Finally, if a person’s employment has caused their tennis elbow, or tendonitis in another joint, a person may become unable to perform the duties of their job and may need rest to recuperate fully. In this case they may need to turn to their own or an employer’s private disability insurance or their state’s disability insurance program.

Only 5 states, California, Rhode Island, Hawaii, New York, and New Jersey, have mandatory disability insurance laws which require an employer to carry disability insurance. In California, the benefits of this program equal 55% of the worker’s pay, up to a certain maximum amount.

If an employer in California, Hawaii, New York, Rhode Island, or New Jersey does not have this disability insurance for their employees as required by state law, they may face a lawsuit.

If the employer does have disability coverage, an employee may be able to take advantage of it. If not, they may have to file a lawsuit against their employer. Recovery under these state systems does not require that the injury occurred on the job.

Another option, if the condition is severe enough and lasts long enough, is to apply for federal Social Security (SSA) disability. Unfortunately tendonitis is not a listed impairment in the SSA disability system. However, a person may be able to qualify their tendonitis as a major dysfunction of the joint.

This would require proving that the condition has affected the joints, i.e., a person’s wrist or elbow, to the extent that person is unable to perform gross and fine motor movements. It can be challenging to succeed with a claim for long-term disability filed with the SSA system, and an initial claim may well be denied. A person may have to appeal in order to succeed with a claim for SSA disability.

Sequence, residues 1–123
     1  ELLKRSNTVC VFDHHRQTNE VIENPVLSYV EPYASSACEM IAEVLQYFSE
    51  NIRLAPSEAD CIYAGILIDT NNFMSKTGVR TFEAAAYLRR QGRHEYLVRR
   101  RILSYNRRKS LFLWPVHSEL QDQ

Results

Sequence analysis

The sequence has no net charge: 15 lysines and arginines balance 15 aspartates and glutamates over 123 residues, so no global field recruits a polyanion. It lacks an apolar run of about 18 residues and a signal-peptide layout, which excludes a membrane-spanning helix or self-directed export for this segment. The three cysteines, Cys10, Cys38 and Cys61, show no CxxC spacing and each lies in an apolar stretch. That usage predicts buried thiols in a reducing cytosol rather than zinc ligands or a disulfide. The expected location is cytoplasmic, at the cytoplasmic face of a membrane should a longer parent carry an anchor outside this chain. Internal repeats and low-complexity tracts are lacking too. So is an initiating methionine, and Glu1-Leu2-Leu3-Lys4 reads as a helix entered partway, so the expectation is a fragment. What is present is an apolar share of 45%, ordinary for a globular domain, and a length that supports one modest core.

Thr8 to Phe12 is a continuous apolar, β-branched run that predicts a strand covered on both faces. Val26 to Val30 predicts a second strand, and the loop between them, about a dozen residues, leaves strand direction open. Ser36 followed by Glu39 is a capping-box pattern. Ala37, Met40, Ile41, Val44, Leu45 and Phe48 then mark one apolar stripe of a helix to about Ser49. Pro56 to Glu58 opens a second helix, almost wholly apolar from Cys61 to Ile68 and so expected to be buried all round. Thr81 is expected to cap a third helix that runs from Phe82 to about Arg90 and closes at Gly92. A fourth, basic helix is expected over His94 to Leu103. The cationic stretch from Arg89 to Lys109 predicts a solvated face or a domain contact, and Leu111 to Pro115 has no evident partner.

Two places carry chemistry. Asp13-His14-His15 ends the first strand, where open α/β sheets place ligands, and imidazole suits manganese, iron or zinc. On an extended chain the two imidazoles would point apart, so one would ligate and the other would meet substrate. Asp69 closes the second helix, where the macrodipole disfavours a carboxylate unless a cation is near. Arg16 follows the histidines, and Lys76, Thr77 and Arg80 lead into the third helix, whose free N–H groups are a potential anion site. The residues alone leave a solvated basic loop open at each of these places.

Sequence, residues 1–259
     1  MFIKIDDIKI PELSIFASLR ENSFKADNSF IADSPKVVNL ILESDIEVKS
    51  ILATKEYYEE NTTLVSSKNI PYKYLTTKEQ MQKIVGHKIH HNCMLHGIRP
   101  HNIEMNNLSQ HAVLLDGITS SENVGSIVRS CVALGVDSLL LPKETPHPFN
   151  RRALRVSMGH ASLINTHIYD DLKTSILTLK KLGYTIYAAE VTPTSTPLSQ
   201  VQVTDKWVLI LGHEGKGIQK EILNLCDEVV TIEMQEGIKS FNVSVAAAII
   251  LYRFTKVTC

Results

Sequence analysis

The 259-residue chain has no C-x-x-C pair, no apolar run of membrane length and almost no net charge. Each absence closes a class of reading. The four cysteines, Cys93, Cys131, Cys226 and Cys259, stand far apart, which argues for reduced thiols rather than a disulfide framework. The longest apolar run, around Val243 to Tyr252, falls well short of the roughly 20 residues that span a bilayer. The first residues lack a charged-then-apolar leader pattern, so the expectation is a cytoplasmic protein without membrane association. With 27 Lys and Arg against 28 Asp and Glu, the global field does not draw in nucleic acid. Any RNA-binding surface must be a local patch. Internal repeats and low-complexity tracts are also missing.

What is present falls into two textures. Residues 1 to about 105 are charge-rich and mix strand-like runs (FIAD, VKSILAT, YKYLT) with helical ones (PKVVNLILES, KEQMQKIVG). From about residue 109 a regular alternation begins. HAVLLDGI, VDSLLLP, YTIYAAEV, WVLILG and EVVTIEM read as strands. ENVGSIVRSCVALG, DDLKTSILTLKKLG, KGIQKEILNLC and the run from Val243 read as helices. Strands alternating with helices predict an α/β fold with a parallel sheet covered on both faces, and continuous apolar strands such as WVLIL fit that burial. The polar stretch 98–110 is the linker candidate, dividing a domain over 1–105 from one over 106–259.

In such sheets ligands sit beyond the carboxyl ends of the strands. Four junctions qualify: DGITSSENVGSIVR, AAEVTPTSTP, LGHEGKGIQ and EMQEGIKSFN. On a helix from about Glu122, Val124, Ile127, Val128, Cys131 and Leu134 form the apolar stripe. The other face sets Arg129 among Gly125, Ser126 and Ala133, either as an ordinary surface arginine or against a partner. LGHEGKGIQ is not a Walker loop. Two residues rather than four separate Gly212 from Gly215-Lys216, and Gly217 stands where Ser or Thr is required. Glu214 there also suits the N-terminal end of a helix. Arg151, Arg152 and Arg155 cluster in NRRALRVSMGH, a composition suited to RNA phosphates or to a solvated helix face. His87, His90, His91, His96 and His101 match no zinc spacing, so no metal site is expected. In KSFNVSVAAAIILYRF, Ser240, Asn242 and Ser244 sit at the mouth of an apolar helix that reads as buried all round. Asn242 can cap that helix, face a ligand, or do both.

Should I Contact a Lawyer?

Disputes over personal injuries can be challenging. You should consult a workers’ compensation lawyer if your tennis elbow was caused by repetitive motion in connection with your employment.

If you have experienced a long-term disability and are unable to work, you want to turn to a Social Security disability lawyer. You should definitely not assume that you can handle a claim of this type on your own. It is more challenging than you might think and you would be wise to have an experienced attorney represent you.

States have different kinds of disability insurance programs. Whether your inability to work because of tendonitis was caused by your employment or not, you want to consult a disability insurance lawyer if the tennis elbow makes it difficult or impossible for you to work in your occupation. Your lawyer can tell you whether a state disability system in your state or private insurance coverage may provide you with the help you need.

If you believe that your doctor has not treated your tennis elbow properly or has treated it negligently and made it worse, you should consult a personal injury attorney. Your attorney can review the facts of your case and tell you whether you have a claim for malpractice against your doctor. Your attorney will be able to enlist the help of other medical experts who would be needed to support your case.

Law Library Disclaimer


16 people have successfully posted their cases

Find a Lawyer